You say it's confusing but based off the questions that you are asking you're already light years ahead of most people. First off, most of the meat at trader joes is junk even if they have some decent deals on macadamias.
"Vegetarian Fed" only means that they're not feeding the cows ground up pieces of other cows (a valid concern with anyone looking to avoid creutzfeldt-jakob /mad-cow disease). Unfortunately as a former vegetarian you can probably confirm that a diet consisting entirely of corn wheat and soy fully qualifies as "Vegetarian Fed" and in the case of these meats it's invariably what it refers to. The best label you could hope to see would be "100% grass fed" when buying ruminant meat (cow/lamb/etc), the 100% helps to avoid the misleading cases of "Grass Fed" meat that is grain finished negatively altering the nutritional quality of the meat just before slaughter. "Organic" doesn't really mean a whole lot as many food items don't contain high levels of pesticides and many farmers don't find it economical to go through all of the certification hurdles to get the official organic stamp even if their meat/veggies are 100% organic. In many cases and if you had to choose between a non-organic but 100% grass fed piece of meat or a 100% organic but grain fed meat, you should ignore the organic status and go with the grass fed one.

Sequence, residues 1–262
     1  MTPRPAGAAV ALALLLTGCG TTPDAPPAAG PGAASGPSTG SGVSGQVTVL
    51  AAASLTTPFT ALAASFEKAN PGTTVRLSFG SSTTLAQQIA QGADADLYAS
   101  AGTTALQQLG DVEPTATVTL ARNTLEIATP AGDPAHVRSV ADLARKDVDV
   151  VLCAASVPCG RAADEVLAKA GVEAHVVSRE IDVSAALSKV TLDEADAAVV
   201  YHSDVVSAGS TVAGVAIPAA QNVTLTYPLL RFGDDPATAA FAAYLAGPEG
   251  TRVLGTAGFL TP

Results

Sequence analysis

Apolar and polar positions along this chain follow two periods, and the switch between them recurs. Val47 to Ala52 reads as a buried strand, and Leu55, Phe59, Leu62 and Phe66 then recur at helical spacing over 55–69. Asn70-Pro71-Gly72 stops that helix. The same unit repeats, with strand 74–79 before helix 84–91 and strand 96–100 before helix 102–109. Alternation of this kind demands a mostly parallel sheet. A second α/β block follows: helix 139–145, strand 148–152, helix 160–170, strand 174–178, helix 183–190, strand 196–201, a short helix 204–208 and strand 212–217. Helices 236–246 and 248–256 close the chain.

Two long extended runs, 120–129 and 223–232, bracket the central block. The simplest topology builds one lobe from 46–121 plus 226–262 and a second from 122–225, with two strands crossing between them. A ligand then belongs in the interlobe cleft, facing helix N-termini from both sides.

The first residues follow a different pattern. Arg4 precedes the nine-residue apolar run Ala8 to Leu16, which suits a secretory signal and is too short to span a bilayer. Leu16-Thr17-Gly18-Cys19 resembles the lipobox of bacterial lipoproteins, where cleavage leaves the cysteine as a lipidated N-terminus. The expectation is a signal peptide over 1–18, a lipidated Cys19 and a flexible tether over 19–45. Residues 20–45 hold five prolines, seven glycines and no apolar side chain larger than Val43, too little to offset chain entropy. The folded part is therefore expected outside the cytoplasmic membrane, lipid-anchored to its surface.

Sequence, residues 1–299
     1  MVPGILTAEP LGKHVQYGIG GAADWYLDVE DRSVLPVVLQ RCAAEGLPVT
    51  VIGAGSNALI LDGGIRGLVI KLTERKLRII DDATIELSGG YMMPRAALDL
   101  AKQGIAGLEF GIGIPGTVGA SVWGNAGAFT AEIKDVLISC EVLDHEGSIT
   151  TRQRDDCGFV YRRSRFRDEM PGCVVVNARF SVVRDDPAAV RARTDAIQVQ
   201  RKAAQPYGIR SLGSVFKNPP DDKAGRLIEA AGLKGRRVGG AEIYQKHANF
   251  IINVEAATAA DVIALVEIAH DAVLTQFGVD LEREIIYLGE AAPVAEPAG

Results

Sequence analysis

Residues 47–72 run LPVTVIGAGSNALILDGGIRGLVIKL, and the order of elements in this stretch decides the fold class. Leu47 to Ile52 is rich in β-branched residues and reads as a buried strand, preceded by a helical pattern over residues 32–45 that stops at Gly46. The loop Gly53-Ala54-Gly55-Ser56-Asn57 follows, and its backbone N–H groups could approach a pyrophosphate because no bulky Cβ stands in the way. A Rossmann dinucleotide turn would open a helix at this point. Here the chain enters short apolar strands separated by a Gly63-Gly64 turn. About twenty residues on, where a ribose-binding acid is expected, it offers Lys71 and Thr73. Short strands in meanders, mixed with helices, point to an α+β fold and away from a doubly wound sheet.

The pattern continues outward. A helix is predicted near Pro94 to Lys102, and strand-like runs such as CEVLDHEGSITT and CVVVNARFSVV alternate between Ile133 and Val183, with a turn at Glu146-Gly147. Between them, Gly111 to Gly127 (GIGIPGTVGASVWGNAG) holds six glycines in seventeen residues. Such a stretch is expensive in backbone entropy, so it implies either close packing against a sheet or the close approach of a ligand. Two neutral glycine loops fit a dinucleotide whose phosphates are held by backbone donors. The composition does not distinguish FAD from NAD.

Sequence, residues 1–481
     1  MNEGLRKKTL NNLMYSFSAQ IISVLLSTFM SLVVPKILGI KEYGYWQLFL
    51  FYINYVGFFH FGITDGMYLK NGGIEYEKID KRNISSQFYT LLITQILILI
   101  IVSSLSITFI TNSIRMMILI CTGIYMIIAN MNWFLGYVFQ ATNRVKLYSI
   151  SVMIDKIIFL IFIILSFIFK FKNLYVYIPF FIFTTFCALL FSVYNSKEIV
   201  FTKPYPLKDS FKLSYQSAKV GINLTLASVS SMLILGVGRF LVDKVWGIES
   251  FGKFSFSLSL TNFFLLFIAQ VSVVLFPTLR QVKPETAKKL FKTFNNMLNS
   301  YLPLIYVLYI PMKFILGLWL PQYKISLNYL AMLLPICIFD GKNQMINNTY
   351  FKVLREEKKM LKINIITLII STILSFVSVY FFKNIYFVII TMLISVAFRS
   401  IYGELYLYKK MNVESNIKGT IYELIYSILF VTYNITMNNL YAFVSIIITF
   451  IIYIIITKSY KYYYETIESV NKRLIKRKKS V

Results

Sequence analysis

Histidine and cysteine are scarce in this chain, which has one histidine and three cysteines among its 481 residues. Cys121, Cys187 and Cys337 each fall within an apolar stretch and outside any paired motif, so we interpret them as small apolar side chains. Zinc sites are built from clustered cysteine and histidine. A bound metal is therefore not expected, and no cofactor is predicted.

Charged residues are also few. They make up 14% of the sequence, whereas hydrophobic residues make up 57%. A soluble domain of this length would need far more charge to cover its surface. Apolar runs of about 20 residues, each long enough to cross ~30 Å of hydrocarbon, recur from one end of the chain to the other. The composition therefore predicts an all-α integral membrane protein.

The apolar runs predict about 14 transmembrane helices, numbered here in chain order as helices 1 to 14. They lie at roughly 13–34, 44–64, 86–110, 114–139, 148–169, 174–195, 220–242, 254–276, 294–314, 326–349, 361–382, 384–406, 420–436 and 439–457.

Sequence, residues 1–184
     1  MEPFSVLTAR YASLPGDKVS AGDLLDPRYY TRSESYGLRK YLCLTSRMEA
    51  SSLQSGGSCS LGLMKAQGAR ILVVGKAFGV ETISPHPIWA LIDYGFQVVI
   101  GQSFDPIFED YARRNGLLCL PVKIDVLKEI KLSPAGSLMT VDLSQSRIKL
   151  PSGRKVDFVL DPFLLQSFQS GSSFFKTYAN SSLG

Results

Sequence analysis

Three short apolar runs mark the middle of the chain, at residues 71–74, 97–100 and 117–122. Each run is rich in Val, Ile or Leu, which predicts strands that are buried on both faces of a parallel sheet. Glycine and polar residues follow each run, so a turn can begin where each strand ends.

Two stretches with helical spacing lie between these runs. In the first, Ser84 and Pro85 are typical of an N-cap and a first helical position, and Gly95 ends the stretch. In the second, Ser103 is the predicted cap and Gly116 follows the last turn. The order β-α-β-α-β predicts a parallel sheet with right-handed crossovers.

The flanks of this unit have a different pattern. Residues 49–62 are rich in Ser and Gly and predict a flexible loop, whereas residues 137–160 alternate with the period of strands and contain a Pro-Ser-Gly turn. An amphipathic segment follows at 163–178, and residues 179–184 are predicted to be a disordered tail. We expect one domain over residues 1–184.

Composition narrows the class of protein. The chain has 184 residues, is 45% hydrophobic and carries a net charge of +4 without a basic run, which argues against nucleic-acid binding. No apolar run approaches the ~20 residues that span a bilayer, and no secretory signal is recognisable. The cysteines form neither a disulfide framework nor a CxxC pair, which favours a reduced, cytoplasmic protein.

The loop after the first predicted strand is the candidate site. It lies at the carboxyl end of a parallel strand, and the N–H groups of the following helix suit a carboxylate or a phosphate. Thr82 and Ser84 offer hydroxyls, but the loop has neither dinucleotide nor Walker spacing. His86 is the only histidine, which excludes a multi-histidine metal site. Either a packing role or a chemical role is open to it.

Ruminant meat is bound to be healthier for you in the long run as it's less likely to tip your body into a mildly inflammatory state but when you are going for poultry try to find brands that have free range chickens. Unfortunately the labeling for chickens is intentionally kept confusing and pretty meaningless from a regulatory standpoint so it won't give you much to go off of unless you use your phone to look up the farm it's coming from. Since poultry shouldn't be a huge part of your diet anyways you don't have to worry all that much about something you eat once every other month or so. Birds that truly are raised outside eating grass and bugs are quite tasty however and definitely the preferred type.
For the sausage: mix it with fresh ground/cracked caraway, fennel seed, pepper, sage leaf, some cayenne and salt.
"You can demonstrate the purpose and limits of human digestion with a simple experiment: eat a steak with some whole corn kernels, and see what comes out the other end. It won’t be the steak."